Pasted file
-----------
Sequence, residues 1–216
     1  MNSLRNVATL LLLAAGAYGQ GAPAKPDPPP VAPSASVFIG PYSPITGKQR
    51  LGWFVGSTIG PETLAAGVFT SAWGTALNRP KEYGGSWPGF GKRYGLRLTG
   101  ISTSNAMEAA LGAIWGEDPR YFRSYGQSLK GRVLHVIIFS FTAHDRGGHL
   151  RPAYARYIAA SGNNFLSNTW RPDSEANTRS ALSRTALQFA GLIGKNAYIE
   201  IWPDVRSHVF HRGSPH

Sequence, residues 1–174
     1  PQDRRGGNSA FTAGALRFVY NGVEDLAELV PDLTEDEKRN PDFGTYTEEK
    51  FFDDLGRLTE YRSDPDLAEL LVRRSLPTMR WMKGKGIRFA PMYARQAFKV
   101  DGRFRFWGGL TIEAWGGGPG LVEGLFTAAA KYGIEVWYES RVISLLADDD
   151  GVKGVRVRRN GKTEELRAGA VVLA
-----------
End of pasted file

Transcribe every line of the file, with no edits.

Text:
Sequence, residues 1–216
     1  MNSLRNVATL LLLAAGAYGQ GAPAKPDPPP VAPSASVFIG PYSPITGKQR
    51  LGWFVGSTIG PETLAAGVFT SAWGTALNRP KEYGGSWPGF GKRYGLRLTG
   101  ISTSNAMEAA LGAIWGEDPR YFRSYGQSLK GRVLHVIIFS FTAHDRGGHL
   151  RPAYARYIAA SGNNFLSNTW RPDSEANTRS ALSRTALQFA GLIGKNAYIE
   201  IWPDVRSHVF HRGSPH

Sequence, residues 1–174
     1  PQDRRGGNSA FTAGALRFVY NGVEDLAELV PDLTEDEKRN PDFGTYTEEK
    51  FFDDLGRLTE YRSDPDLAEL LVRRSLPTMR WMKGKGIRFA PMYARQAFKV
   101  DGRFRFWGGL TIEAWGGGPG LVEGLFTAAA KYGIEVWYES RVISLLADDD
   151  GVKGVRVRRN GKTEELRAGA VVLA